(Actually, I don’t feel bad about this; I’m glad Oor Wombat will get the royalties, and I’m equally glad someone who would not otherwise have access to the anthology will get it. It’s a win-win.)

  10. Cassy B, I did the same thing. I don’t know how to do such a transfer, though?

  11. I would be tempted to use something from Neutron Star because of a factoid I encountered that people who read that first were more likely to read more Niven.

    I remember that from the Tor tribute to Ringworld a few years back. “Neutron Star” would be a good one to read.

    The mention of the Callahan’s Bar story above makes me want to suggest “The Time-Traveler” to let the Young Folks read a story that led at least one Analog subscriber to cancel his subscription.

    “Scroll and Scroll, what is Scroll?”
    “He’s worse than Scrolled; his Pixel is gone.”

  12. Lenore Jones / jonesnori: Cassy B, I did the same thing. I don’t know how to do such a transfer, though?

    I think that such a thing could be done by the purchaser importing the book into Calibre with the Apprentice Alf plugin, which uses the owner’s Kindle serial number to remove the Kindle number restriction.

    All purely theoretically, of course.

  13. Lenore Rose, I can email the non-DRM version I got from Patreon. I don’t feel bad about this, since I figure it makes no difference which one I send, as long as I only send one, since I legally own two copies.

  14. bookworm: I’m not the one who asked the question, but thanks for the link to online Spanish fiction!

    kathodus: I read the first Harry Potter and La Ciudad de las Bestias in Spanish, and both are good suggestions. (La Ciudad gets weirdly anti-vax, though.) Whatever you do, don’t read Angelica Gorodischer in Spanish, unless you’re very proficient — she used words I wasn’t even familiar with in English, and I had to give up halfway.

  15. It might be too long, but otherwise, I’d recommend Delany’s “Empire Star”. If not that, then maybe “Time Considered as a Helix of Semi-Precious Stones”.

    Something by Sheckley would be good, although some of his stuff doesn’t hold up so well. But he did snarky so well, and there’s plenty to choose from. I’m having a hard time picking, so I’ll just endorse whatever Sheckley stories have already been suggested.

    How about something by Sturgeon? “Microcosmic God” perhaps?

    William Tenn’s “The Seven Sexes”. Or “Down Among the Dead Men”.

  16. (1) “Light of Other Days”. Not dated by the tech, really, short, and moving. “Inconstant Moon” is only a little dated, and “Day Million” isn’t at all. Greg’s list is good too. “The Girl Who Was Plugged In” seems to fit with Instagram and live stream.

    I’m not sure we can go by the Young Traveler, though — she seems more savvy than the group James is experimenting on!

    @Niall McAuley: Please accept this internet.

    @Mark-kitteh: Ooh! Collected Wombat! Thanks!

    @kathodus: Sadly, my Spanish is limited to basic interactions with the neighbors, and restaurant talk. I could probably only manage kids’ books. But do you watch telenovelas? I picked up a lot doing that, since the plots are pretty obvious. And many of them are Mexican, in Chilango. Or turn on the Spanish-language dub on your DVDs. Gotta be a list of Mexican YA best-sellers somewhere.

    I will happily take any extra copies of Wombat’s latest — email me (my nym) at yahoo!

  17. Kathryn Sullivan on May 3, 2017 at 3:44 pm said:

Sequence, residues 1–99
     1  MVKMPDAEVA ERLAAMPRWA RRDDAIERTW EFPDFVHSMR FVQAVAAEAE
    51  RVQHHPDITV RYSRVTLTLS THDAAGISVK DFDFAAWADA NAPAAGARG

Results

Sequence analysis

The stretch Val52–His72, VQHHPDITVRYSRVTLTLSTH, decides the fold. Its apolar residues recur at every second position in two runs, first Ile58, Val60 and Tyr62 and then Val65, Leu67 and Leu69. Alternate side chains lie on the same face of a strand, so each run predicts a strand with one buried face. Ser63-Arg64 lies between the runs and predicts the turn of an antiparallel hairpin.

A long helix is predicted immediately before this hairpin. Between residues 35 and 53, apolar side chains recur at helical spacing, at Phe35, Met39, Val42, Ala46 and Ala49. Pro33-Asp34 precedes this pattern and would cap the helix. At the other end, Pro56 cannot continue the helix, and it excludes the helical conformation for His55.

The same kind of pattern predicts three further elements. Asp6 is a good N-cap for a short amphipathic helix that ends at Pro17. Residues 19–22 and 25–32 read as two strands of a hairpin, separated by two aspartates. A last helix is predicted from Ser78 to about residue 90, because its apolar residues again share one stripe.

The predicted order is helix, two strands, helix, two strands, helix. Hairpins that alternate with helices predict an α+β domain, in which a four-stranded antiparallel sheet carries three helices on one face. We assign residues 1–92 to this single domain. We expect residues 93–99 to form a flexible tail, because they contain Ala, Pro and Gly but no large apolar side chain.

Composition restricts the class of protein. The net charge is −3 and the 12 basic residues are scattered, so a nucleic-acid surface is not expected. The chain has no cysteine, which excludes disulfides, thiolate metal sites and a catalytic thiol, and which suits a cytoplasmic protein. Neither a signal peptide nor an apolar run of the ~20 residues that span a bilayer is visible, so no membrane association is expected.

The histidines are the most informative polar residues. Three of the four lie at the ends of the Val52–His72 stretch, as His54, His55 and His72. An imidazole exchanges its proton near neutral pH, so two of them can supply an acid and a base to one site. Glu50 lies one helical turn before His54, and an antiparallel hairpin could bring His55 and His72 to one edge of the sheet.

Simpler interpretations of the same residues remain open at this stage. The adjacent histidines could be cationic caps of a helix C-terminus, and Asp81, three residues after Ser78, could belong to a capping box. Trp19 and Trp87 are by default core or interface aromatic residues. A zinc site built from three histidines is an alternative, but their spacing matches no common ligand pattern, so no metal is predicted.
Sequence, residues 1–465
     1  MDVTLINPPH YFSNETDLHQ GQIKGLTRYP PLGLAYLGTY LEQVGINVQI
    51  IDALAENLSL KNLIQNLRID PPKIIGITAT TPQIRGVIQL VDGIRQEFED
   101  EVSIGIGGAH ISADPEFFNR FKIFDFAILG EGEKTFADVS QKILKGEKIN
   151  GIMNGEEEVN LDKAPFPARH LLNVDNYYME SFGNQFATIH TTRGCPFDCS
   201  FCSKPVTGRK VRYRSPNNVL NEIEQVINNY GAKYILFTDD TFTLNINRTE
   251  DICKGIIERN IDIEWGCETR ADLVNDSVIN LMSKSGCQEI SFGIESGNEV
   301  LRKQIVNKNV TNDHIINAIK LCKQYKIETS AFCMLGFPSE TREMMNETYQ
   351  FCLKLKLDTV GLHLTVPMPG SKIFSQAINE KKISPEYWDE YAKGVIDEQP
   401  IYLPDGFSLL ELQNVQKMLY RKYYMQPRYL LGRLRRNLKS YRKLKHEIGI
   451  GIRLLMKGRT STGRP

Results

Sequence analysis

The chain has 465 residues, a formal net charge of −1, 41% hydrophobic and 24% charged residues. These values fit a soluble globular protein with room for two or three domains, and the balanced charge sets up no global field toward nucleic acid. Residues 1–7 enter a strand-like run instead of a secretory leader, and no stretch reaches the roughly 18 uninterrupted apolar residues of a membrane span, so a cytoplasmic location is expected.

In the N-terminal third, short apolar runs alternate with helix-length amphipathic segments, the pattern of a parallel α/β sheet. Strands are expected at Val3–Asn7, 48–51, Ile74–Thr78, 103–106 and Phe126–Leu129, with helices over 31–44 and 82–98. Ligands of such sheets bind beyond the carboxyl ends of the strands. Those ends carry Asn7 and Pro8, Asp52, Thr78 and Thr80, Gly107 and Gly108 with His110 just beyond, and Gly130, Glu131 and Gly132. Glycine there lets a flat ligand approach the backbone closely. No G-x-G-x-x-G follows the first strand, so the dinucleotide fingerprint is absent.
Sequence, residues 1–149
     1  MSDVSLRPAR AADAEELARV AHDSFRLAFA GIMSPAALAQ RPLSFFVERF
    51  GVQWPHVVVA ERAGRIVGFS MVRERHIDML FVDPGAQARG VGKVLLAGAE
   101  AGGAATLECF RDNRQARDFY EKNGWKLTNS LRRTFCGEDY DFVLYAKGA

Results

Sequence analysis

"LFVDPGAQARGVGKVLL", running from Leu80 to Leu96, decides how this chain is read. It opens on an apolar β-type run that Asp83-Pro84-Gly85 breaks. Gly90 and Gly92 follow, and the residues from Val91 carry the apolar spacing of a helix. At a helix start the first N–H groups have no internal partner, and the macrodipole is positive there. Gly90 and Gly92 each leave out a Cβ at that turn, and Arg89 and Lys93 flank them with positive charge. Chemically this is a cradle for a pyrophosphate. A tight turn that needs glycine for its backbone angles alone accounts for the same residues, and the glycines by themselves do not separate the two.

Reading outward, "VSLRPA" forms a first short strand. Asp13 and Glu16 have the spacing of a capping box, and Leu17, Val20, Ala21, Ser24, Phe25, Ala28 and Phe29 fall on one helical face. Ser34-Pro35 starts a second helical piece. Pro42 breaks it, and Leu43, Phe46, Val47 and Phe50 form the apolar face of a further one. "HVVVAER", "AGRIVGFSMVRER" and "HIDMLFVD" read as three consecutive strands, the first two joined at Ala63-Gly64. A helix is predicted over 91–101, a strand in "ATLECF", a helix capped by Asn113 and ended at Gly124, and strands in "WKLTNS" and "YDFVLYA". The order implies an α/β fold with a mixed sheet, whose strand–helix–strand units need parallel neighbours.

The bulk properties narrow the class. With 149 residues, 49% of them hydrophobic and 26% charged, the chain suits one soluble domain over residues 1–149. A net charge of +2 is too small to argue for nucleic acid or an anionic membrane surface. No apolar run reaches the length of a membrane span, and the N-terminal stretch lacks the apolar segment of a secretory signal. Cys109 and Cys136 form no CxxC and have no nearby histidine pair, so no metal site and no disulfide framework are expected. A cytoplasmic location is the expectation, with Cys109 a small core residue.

Oh yeah! That one should work well.

  18. @Cassy B: (duplicate Wives)

    Um, I would be interested in that. I know calibre well, so format-switching to EPUB is no problem.

  19. Something by Sheckley would be good, although some of his stuff doesn’t hold up so well. But he did snarky so well, and there’s plenty to choose from. I’m having a hard time picking, so I’ll just endorse whatever Sheckley stories have already been suggested.

    “Warm” would be an interesting Sheckley choice – I found it very memorable, it’s not very long, and it’s available at Project Gutenberg https://www.gutenberg.org/files/29509/29509-h/29509-h.htm

  20. Lurkertype, you asked first; check your email. Rev. Bob, if Lenora Rose can’t figure out how to deDRM a copy, let me know and, with her permission, I’ll send you a copy from her. Since copies are fungible, I figure that it doesn’t matter if I send you her extra copy, or she does, so long as only two copies representing our two extra copies are sent. If that makes sense….

  21. 1)
    H.B. Fyfe – “Moonwalk,” “Protected Species,” or “The Well-Oiled Machine”
    William Tenn – “The Flat-Eyed Monster,” “Bernie the Faust,” or “Down Among the Dead Men”
    Alfred Bester – “5,271,009,” or “Fondly Fahrenheit”
    Algis Budrys – “Walk to the World” or one of the Agency stories.
    Margaret St. Clair – The stories she wrote as Idris Seabright.
    R.A. Lafferty -“Selenium Ghosts of the Eighteen Seventies.”
    Italo Calvino – Something from Cosmicomics
    Clifford D. Simak – “A Death in the House”

  22. Has anyone suggested something from Stanislaw Lem yet? Maybe the Cyberiad stories?

  23. Origins is one of the largest board game, war game and RPG convention in the world. Their event registration opened today and had “problems.” I got this email:

    Origins Fans:
    We understand this has been a frustrating day at registration for all of us. The problem is not bandwidth, as we have more than doubled it this year. There is a design issue that did not surface during testing that we need to resolve.
    We’re working very closely with the owner of our event management system to make sure all of the glitches are fixed as quickly as possible.
    We can test and fix more quickly if the event system is off line, So we are closing registration until Friday at 1:00 pm
    While the system is off, your carts will not be cleared out and you will not lose the events you have already selected!
    We are extremely sorry that you have lost valuable time in your day and your attendee experience is our top priority.
    Thank you for being patient as we work to fix the system.

    As long as the 11 Call of Cthulhu games I registered for (painfully) do not get wiped, I’m in good shape. I’ve got to drop the 12th one I registered for due to a time conflict.

    Event registration for Origins is sort of like GenCon. There are a huge number of sessions (> 6,000 over 5 days). Some of the sessions are massive, like the Settlers of Catan championship that you have to qualify for by winning tourneys at other conventions. Others can be as small as 4 participants. The largest number of participants I have in any of my Call of Cthulhu events is 12 and the smallest is 6, not including the Keeper.